Scary Co-Workers — Should you Approach Them or Should you Run?
Most of us have, at some point, had coworkers who made a good job terrible or a terrible job worse. They come in all forms, and it can be difficult to know when and how to approach the situation. Here are a couple types of scary co-workers and suggestions on how to handle them.
A bad co-worker’s office is like the scary old house at the end of the street. No one really knows what to expect, but everyone is afraid to knock on the door. Most of the time, a closed office door means the person inside is on a call or in the middle of a project. But what about the guy whose door is closed from 8 to 5? The next time something requires his attention, try knocking and simply ask, “Hey, can I run something by you, or would you prefer to set up a meeting?” Unless you ask, you’ll never know whether they are open to questions and impromptu discussions or if emails and calls are the best approach.
Unhelpful colleagues can jeopardize your success. Before you categorize them as uncooperative, however, determine whether their actions are intentionally harmful. Is a colleague not sharing information to make herself look better, or because she doesn’t have access? Is she unresponsive to your text asking her to cover a shift because she wants to get you in trouble or did she not receive the message? Often, the co-worker’s actions are due to a lack of resources. Talk to administrators about providing tools, such as an employee work schedule app, that make it easy to share information and communicate with colleagues. This gives everyone an opportunity to be as helpful as possible for the good of the team.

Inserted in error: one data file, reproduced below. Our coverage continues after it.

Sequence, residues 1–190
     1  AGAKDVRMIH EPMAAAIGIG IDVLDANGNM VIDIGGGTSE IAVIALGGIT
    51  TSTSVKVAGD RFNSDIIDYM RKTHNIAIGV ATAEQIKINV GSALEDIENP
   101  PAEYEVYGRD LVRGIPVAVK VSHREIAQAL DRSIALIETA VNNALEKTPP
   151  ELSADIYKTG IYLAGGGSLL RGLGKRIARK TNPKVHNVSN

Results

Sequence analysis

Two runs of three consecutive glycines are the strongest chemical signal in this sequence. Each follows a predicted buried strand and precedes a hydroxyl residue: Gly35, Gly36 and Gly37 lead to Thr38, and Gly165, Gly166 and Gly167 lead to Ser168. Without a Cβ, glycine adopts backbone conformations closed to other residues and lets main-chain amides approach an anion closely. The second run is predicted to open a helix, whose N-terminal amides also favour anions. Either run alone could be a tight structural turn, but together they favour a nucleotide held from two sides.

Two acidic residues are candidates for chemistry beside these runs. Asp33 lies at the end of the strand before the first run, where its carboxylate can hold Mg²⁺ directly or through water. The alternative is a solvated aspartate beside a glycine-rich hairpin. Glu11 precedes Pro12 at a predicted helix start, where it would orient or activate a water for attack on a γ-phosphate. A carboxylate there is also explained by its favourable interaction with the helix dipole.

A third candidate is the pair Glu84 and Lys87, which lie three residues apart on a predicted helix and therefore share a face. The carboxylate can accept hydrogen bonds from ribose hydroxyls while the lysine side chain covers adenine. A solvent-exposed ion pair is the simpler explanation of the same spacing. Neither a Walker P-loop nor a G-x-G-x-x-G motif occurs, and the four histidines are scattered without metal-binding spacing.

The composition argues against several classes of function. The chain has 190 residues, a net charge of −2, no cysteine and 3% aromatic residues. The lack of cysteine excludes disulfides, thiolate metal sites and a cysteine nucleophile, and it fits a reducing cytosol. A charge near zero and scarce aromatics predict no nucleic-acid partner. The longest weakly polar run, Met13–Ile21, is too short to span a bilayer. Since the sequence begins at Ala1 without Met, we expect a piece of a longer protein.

Some co-workers are just plain unpredictable, and their Jekyll-and-Hyde personality puts everyone on edge. The days when Dr. Jekyll – the good-natured, easy-going coworker shows up, projects run smoothly, and the atmosphere is relaxed. But it takes just one Mr. Hyde in an office to create tension and make people walk on eggshells. Personalities like this are best handled by administrators, so it’s important they understand the situation. Have a conversation with management or HR, and carefully outline your concerns. Have specific examples in mind instead of generalizing the co-worker as a bad person.
Toxic employees can create a hostile work environment and cost companies money due to the high turnover of those they alienate. Addressing the situation directly or via administration will make your daily work life less stressful and help ensure your awesome co-workers stick around to help contribute to the success of your organization.
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